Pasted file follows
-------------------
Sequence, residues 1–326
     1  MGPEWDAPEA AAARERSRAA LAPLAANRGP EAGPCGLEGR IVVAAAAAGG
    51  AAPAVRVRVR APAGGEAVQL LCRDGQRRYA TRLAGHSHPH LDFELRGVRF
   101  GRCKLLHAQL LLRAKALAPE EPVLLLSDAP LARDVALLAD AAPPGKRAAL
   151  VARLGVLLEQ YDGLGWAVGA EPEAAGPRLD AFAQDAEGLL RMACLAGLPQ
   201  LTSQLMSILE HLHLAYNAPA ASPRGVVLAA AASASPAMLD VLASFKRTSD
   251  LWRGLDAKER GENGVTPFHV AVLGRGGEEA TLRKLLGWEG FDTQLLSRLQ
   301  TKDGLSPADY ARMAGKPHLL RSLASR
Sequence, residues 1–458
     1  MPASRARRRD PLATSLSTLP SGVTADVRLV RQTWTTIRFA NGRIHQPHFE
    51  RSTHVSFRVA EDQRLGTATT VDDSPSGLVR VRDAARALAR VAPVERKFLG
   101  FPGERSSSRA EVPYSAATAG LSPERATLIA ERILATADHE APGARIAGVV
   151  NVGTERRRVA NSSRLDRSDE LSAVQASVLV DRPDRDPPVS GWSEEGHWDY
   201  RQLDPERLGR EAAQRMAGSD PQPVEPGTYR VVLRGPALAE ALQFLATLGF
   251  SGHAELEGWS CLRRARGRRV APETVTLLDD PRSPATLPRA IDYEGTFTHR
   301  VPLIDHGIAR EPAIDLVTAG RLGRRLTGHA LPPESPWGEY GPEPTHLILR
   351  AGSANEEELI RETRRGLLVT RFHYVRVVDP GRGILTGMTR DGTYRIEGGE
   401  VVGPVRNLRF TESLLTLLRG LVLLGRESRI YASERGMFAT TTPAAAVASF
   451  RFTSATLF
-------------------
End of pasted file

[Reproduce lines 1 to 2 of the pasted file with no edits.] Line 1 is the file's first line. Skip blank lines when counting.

Sequence, residues 1–326
     1  MGPEWDAPEA AAARERSRAA LAPLAANRGP EAGPCGLEGR IVVAAAAAGG